, which is a common convention in
functional analysis 200px, One of the possible modes of vibration of an idealized circular drum head. These modes are eigenfunctions of a linear operator on a function space, a common construction in functional analysis. Functional analysis is a branch of mathemat ...
. Sometimes the term ''
linear function In mathematics Mathematics (from Greek: ) includes the study of such topics as numbers ( and ), formulas and related structures (), shapes and spaces in which they are contained (), and quantities and their changes ( and ). There is no gene ...

linear function
'' has the same meaning as ''linear map'', while in
analysis Analysis is the process of breaking a complexity, complex topic or Substance theory, substance into smaller parts in order to gain a better understanding of it. The technique has been applied in the study of mathematics and logic since before Ari ...
it does not. A linear map from ''V'' to ''W'' always maps the origin of ''V'' to the origin of ''W''. Moreover, it maps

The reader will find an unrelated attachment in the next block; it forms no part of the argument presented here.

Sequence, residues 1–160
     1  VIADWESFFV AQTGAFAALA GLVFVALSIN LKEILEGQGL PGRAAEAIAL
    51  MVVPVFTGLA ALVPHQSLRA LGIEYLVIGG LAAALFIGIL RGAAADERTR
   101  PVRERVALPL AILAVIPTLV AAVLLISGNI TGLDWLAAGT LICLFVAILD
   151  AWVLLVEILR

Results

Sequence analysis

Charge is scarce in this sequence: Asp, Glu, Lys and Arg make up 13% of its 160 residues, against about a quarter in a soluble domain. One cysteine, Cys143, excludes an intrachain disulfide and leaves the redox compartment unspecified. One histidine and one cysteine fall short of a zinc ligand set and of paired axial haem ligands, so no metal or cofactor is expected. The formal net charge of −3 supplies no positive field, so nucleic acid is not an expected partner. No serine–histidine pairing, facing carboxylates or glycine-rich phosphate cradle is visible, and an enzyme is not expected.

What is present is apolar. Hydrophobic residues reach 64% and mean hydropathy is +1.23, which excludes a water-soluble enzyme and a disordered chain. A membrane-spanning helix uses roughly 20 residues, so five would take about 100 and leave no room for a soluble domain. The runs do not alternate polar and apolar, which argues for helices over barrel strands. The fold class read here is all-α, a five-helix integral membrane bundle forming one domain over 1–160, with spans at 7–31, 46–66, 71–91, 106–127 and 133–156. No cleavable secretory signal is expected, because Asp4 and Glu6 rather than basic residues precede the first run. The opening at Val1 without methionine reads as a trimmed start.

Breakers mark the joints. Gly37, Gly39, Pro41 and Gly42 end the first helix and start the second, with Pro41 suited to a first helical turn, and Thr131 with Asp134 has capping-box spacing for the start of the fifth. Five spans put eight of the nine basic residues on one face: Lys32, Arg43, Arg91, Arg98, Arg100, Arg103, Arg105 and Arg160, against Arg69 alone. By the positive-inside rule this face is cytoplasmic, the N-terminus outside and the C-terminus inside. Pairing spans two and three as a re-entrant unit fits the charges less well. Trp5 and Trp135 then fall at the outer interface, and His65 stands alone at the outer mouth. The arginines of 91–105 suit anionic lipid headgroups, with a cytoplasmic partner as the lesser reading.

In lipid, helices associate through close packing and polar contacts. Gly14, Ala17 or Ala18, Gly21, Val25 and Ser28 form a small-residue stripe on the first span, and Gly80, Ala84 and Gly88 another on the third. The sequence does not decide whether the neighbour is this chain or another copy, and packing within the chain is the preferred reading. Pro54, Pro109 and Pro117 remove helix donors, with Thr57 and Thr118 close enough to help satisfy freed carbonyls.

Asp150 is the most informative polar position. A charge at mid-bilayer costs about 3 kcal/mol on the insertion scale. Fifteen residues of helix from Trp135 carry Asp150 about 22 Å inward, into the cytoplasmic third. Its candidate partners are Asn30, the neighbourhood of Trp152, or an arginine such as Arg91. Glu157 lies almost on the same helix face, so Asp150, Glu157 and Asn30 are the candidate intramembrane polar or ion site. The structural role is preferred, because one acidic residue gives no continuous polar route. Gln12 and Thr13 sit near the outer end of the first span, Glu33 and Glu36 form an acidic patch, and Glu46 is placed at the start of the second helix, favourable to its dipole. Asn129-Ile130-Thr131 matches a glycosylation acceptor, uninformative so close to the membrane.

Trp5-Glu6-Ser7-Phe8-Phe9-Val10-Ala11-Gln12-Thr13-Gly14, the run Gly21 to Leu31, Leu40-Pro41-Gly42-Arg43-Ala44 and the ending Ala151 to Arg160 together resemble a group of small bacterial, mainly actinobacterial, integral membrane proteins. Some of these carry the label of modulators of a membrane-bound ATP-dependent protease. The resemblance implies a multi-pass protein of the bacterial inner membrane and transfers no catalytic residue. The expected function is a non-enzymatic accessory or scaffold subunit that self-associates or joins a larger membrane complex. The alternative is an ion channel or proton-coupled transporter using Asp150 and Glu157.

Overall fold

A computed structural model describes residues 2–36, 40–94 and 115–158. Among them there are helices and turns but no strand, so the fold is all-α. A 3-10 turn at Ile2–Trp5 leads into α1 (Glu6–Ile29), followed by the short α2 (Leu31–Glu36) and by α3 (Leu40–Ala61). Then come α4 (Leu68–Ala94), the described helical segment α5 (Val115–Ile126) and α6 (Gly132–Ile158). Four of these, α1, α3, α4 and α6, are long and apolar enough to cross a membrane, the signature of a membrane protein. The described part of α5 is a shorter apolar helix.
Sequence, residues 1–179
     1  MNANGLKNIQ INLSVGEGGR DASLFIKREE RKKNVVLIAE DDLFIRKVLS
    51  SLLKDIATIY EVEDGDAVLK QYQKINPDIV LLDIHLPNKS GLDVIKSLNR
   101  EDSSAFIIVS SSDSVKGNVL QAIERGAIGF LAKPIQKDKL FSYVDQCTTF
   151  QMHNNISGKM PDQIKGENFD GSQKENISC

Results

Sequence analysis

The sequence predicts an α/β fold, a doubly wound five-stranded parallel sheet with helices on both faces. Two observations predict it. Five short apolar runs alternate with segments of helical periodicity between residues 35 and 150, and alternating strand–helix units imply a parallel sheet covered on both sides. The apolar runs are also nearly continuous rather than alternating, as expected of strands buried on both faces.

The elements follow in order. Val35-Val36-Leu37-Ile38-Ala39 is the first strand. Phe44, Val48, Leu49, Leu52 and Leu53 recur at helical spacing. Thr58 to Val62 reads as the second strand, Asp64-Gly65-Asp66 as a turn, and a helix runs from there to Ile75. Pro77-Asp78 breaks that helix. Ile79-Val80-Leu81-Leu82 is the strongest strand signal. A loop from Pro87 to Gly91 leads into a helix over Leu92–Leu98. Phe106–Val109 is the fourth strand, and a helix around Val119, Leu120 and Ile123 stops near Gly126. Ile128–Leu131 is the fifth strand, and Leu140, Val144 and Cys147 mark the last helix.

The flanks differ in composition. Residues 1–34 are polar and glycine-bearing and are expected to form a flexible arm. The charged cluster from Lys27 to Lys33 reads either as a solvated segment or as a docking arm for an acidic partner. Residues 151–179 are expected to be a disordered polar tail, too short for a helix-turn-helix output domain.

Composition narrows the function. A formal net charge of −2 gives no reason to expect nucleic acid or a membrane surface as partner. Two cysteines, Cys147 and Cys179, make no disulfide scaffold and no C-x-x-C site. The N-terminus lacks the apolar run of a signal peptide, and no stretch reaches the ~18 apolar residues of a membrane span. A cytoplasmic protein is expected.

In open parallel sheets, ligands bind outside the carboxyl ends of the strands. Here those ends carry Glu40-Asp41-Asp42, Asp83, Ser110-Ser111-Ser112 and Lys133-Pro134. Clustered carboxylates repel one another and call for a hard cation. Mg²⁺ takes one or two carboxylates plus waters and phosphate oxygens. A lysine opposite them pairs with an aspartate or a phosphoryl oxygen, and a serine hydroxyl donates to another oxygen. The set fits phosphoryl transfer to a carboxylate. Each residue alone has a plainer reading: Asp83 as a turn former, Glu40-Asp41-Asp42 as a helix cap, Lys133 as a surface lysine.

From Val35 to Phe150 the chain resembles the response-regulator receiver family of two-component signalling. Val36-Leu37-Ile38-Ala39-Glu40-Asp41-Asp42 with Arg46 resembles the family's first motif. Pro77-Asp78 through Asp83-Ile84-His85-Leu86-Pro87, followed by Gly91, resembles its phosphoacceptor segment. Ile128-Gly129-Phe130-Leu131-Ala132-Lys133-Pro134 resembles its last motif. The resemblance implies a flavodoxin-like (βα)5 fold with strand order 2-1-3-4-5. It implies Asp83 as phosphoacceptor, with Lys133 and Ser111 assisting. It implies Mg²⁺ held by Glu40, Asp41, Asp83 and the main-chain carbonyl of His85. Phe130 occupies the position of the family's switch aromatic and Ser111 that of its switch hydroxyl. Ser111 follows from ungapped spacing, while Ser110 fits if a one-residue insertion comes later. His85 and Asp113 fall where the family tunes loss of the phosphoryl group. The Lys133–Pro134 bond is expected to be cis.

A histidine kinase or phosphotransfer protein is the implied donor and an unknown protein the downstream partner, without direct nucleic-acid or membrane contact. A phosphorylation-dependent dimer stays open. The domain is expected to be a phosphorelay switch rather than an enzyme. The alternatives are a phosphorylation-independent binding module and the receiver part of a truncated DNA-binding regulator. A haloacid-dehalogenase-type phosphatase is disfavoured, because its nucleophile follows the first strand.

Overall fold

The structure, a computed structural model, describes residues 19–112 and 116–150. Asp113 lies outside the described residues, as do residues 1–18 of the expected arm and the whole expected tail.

linear subspace In mathematics Mathematics (from Greek: ) includes the study of such topics as numbers ( and ), formulas and related structures (), shapes and spaces in which they are contained (), and quantities and their changes ( and ). There is no gene ...
s in ''V'' onto linear subspaces in ''W'' (possibly of a lower
dimension In physics Physics is the that studies , its , its and behavior through , and the related entities of and . "Physical science is that department of knowledge which relates to the order of nature, or, in other words, to the regular s ...
); for example, it maps a
plane Plane or planes may refer to: * Airplane An airplane or aeroplane (informally plane) is a fixed-wing aircraft A fixed-wing aircraft is a heavier-than-air flying machine Early flying machines include all forms of aircraft studied ...
through the